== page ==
Wednesday, November 23, 2011

Screwtape Revisited

Here is the original article.  What surprised me was how well it was written mostly because an otherwise intelligent individual could possibly give vent to such an absurd posture.  This is my response.

My Dear Jacob,

I am very pleased by what I read in your recent article.  As you and the other young tempters know, one of the most powerful tools at our disposal is humor.  Cowards, bullies, disloyal friends, and even thieves are forgiven among the most honorable people if they can recount their exploits with a joke.  Consequently, when you talk about our Enemy's most concentrated movement recently in a belittling, flippant, and yet jovial manner, you have expertly moved the argument from whether Mormonism is true to whether it is popular or fringe, contemporary or outworn.

You must never push mortals to an argument of whether or not Christianity is true or not.  Our great Enemy can debate too (reason is, after all, His invention and on His territory), but sits with insolent silence when our mortal counterparts such as yourself scoff at His work.  For that reason, in your future articles I would retell various aspects of the story of Joseph Smith truthfully, and yet without any semblance of solemnity.  Use absurd language while telling a truthful account so that your readers can scoff and dismiss the facts they unearth later with legitimate sources.  As you do this, seer-stones will become "diamond-encrusted decoder glasses", Priesthood will become a "chauvinistic White Supremicist club," and Joseph Smith will become a "dogmatic, irrational, absurd gold-digger."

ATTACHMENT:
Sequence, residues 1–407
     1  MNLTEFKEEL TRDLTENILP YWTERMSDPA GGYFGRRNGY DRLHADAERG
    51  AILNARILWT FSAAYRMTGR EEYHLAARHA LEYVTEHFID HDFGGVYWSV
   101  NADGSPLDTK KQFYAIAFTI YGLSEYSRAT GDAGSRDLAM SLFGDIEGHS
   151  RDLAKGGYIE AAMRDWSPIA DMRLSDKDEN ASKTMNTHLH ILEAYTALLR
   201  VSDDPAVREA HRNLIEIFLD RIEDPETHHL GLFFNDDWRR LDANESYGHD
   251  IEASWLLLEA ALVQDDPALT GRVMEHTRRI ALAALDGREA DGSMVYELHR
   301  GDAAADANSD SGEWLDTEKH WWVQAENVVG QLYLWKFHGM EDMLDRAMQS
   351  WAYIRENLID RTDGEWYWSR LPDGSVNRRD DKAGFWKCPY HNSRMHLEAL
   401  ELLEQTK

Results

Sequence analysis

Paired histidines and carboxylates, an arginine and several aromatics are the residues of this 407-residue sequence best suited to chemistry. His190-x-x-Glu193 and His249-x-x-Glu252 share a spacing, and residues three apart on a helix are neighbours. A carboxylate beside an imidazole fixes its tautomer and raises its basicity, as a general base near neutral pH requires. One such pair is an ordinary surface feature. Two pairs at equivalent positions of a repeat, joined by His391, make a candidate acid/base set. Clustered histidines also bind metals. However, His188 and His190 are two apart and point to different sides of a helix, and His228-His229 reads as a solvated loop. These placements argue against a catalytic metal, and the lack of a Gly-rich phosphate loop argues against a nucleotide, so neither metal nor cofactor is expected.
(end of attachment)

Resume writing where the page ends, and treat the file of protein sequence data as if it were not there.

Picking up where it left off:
You have been thoughtless and will be reprimanded on two points.  First of all, you have taken too lightly the strength with which mortals attach feelings of self worth to what they believe even what they believe is contradictory.  Never directly attack the miracles of the Bible and those of the Restoration in the same breath.  Surely you can do better than set up great camaraderie among Christians and non-Christians alike against Mormons and then destroy it with a brief (though well-written) paragraph.  In another place your suggestion that the Biblical miracles are farcical would have been perfectly justified, but you attempted to break the rule spoken of by our Enemy, "a house divided against itself cannot stand" and not even we are capable of breaking rules He has ordained.

The second mistake was to avoid referencing literature from the Mormon libraries.  Our goal, as you have surely discovered already, is not to capture weak minds, but strong ones who can then parrot our positions fluently.  Weak minds attach to the first philosophy they come across and often wreak havoc on the group espousing that philosophy with shoddy logic, misplaced energy, and zeal without faith.  When the weak minds find their way to our side, we own them but they are thankfully dismissed by the strong with pity.  However, when weak minds find their way to the side of our Enemy, we lose their soul, yes, but our job becomes much easier to convince the for-now ambivalent strong that Mormonism is comprised of shoddy, misplaced zealots.  A strong mind will question assumptions before choosing a side which means they will likely check your sources which does you as the author a disservice precisely because all of your sources are from anti-Mormon literature.  If you would have included some Mormon references (not the Book of Mormon, we must ensure that work never finds it's way into the hands of those we have a hope of claiming) your position would have been even more powerful because it would have been even more believable.

As the comments following your article indicate, all publicity seems to be good publicity for Mormons.   

With affection,

PS  See you in a few years.

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